Molly Beran, President and Founder at Projects By Molly, LLC.


  • Schedule recurring meetings to ensure they happen regularly.

  • Discuss and agree on the necessary frequency of these meetings with team members.

  • Use calendar reminders to avoid missing scheduled sessions.

  • Prioritise these meetings by treating them as non-negotiable commitments.

  • Adjust the frequency based on the individual needs of each team member.

Feeling uncomfortable with sharing concerns

People can feel vulnerable sharing ideas and concerns. To avoid this, employees and managers may dance around issues without directly addressing them to avoid confrontation.

“I think it’s not useful or constructive for both participants if the manager avoids having difficult conversations,” says Stefan Chekanov, Co-Founder and CEO of Brosix.

“If you are to discuss any performance issues, you have to give the person specifics on what the problem is and what steps they can take to address it. So do your homework and point out where and what precisely needs to be improved until the next review.”

When concerns are not openly discussed, it can lead to unresolved issues, misunderstandings and a lack of progress. However, when two parties trust each other and feel safe to express their thoughts, dialogue is more open, issues are resolved more effectively and working relationships are more productive.


  • Create a comfortable environment by choosing a relaxed setting and starting with casual conversation.

  • Practise active listening by making eye contact, nodding and summarising what the employee says to ensure understanding.

  • Build trust by being transparent and supportive, and address concerns without judgement.

  • Encourage open communication by providing a safe space for honest and constructive feedback.

  • Follow up on concerns raised in previous meetings to show they are taken seriously and being addressed.

Lack of preparation

Important topics can be missed when managers or employees come to the meeting without a clear plan. By coming prepared, managers ensure all necessary points are covered and that conversation is constructive, not aimless.


  • Create talking points or an agenda before the meeting – we share more on this below.

  • Set aside time to prepare for the meeting, reviewing relevant documents and meeting notes.

  • Encourage employees to come prepared with their own topics and questions.

  • Use templates to streamline the preparation process and ensure consistency in meeting structure.

  • Prioritise and organise discussion points to cover the most critical issues first.

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Guide to running a one-on-one meeting 

Running effective one-on-one meetings requires careful planning and execution. Here are six steps to ensure your meetings are well-organised and productive.

1. Schedule a meeting with a team member

When scheduling a meeting with a team member, start by agreeing on how often you’ll meet. Then set up recurring events on your work calendar to ensure meetings aren’t forgotten or overlooked. 

Practising good calendar etiquette, such as sending reminders and respecting the scheduled time, ensures your one-on-ones are managed professionally.

2. Decide on the meeting format

Consider the nature of your meetings and the preferences of both parties. The setting should be comfortable and free from distractions, creating an environment conducive to open and honest dialogue. 

Online meetings, for instance, offer convenience, especially for remote teams or when schedules are tight. Ensure there’s minimal background noise and reliable internet connectivity. Video calls help maintain a personal touch.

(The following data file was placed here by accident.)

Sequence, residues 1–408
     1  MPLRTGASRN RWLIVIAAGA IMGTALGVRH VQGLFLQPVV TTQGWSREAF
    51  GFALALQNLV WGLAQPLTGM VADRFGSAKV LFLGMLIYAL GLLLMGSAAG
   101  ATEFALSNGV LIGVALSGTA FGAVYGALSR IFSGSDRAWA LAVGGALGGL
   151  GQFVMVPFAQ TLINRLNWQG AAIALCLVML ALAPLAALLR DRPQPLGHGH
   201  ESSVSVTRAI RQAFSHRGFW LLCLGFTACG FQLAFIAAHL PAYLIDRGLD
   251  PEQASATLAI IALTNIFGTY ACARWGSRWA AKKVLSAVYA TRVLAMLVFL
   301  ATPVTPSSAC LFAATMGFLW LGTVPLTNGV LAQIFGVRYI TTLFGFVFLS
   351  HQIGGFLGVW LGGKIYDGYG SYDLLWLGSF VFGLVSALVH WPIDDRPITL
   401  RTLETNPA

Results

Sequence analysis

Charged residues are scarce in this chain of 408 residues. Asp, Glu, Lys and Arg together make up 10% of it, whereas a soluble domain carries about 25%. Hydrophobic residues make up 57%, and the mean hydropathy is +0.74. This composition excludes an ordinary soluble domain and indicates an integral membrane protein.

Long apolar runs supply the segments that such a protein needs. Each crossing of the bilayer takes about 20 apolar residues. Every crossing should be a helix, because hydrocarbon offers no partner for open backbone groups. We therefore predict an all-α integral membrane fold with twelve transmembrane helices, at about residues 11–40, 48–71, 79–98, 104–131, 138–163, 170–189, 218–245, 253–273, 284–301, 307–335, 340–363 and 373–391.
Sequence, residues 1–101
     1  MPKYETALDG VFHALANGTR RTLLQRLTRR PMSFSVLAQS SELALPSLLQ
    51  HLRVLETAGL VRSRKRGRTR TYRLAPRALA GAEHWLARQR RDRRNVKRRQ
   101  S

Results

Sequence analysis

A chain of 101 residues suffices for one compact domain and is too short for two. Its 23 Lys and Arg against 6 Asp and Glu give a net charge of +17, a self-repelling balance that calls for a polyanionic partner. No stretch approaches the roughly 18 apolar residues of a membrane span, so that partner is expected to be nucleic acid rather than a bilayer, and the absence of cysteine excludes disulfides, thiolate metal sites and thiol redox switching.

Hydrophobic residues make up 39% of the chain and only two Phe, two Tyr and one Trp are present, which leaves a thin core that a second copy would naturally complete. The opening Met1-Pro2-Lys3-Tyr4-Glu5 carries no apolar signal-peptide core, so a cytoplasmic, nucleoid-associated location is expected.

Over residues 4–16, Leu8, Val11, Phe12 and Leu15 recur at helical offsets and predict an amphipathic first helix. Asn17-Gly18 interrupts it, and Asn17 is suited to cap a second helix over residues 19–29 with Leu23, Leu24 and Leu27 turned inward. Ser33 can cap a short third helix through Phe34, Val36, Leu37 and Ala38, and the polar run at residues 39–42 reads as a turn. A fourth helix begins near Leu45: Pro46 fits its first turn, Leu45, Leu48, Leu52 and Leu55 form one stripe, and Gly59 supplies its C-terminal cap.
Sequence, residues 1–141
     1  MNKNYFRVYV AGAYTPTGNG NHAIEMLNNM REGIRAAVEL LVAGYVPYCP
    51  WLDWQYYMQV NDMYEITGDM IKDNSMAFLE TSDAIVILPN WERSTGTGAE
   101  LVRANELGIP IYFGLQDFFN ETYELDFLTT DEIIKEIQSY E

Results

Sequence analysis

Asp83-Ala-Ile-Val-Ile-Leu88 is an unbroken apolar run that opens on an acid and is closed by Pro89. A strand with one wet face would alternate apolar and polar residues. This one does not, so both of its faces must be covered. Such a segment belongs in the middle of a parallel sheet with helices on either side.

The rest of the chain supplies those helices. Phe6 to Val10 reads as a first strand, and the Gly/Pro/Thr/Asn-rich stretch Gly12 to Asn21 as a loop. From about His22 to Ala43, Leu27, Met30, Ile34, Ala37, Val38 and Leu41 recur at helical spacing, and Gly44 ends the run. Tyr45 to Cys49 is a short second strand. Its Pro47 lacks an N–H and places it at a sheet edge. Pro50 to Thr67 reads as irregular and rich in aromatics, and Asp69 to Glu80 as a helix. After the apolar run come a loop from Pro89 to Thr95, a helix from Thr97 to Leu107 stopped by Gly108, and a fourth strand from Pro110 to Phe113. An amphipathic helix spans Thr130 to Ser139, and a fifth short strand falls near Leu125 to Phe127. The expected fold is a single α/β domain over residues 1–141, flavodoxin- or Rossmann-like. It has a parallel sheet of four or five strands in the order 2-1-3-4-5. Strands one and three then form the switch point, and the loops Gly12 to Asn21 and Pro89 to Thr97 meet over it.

In-person meetings can be more effective for sensitive or complex discussions. Choose a comfortable and private space free from distractions, such as a quiet meeting room or a casual setting like a coffee shop, depending on the formality required.

3. Create a meeting agenda

Structure your meeting around a clear agenda that covers all important topics. Create your meeting agenda and share it with your team members so they can prepare. The one-on-one meeting template below offers an excellent starting point for structuring your meeting agendas. 

Here’s how Molly runs her one-on-one meetings:

“I think having an agenda is key. I like having standing agendas so that everyone who reports to me has set expectations on what we will discuss. It's usually some form of:

  • General check-in (Overall, how are you doing?)

  • Update on ongoing projects

  • Review new requests/issues/things you need from me

  • Management updates (this is the only part of the agenda I as a manager prepare)

  • Anything else on your mind (add this on to capture things that pop up, or don't fit elsewhere)

  • Once per month, I add a topic to check in on yearly goals and the progress made since the last month. I tend to do this in the first week of the month, but that can vary.” 

4. Prioritise active listening and open communication

Active listening is a communication technique that involves fully concentrating, understanding, responding and remembering what is being said. The method requires paying attention to the speaker's body language, tone of voice and emotional context.

Alongside active listening, encourage open communication and two-way dialogue, enabling both parties to express their thoughts and concerns freely. This is key, says Stefan.

“The keyword I’d like to use here is employee-centric. I value people’s autonomy and responsibility, so to me, giving people ownership to lead the conversation and discuss their needs is the right way to do it. 

Naturally, I prepare a checklist of what we need to address, but I mostly focus on actively listening. This gives me an opportunity to jot down clear takeaways that I can use to set actionable steps after the meeting ends.”

5. Take meeting notes and follow up

Accurate note-taking is essential for tracking progress, setting clear goals, and holding both parties accountable. Detailed notes are particularly crucial during performance reviews, where specific actions need to be taken based on the discussion.